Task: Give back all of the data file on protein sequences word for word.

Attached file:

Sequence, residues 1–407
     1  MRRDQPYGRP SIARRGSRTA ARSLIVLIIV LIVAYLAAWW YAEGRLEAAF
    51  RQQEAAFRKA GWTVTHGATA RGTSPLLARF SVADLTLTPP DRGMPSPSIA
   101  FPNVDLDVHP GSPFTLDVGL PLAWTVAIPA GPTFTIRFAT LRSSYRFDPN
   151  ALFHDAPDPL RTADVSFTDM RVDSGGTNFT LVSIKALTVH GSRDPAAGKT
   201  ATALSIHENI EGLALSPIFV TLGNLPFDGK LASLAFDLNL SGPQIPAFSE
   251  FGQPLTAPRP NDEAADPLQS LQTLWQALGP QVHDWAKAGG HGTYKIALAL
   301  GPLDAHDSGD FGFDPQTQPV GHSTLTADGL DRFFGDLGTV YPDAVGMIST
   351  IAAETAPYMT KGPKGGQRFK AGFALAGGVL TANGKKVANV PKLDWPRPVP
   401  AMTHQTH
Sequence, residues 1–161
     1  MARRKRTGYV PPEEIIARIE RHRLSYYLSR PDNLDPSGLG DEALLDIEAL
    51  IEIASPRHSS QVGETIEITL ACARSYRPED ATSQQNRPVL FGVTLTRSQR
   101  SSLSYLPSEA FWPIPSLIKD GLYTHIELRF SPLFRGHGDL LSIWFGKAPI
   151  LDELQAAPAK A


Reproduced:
Sequence, residues 1–407
     1  MRRDQPYGRP SIARRGSRTA ARSLIVLIIV LIVAYLAAWW YAEGRLEAAF
    51  RQQEAAFRKA GWTVTHGATA RGTSPLLARF SVADLTLTPP DRGMPSPSIA
   101  FPNVDLDVHP GSPFTLDVGL PLAWTVAIPA GPTFTIRFAT LRSSYRFDPN
   151  ALFHDAPDPL RTADVSFTDM RVDSGGTNFT LVSIKALTVH GSRDPAAGKT
   201  ATALSIHENI EGLALSPIFV TLGNLPFDGK LASLAFDLNL SGPQIPAFSE
   251  FGQPLTAPRP NDEAADPLQS LQTLWQALGP QVHDWAKAGG HGTYKIALAL
   301  GPLDAHDSGD FGFDPQTQPV GHSTLTADGL DRFFGDLGTV YPDAVGMIST
   351  IAAETAPYMT KGPKGGQRFK AGFALAGGVL TANGKKVANV PKLDWPRPVP
   401  AMTHQTH
Sequence, residues 1–161
     1  MARRKRTGYV PPEEIIARIE RHRLSYYLSR PDNLDPSGLG DEALLDIEAL
    51  IEIASPRHSS QVGETIEITL ACARSYRPED ATSQQNRPVL FGVTLTRSQR
   101  SSLSYLPSEA FWPIPSLIKD GLYTHIELRF SPLFRGHGDL LSIWFGKAPI
   151  LDELQAAPAK A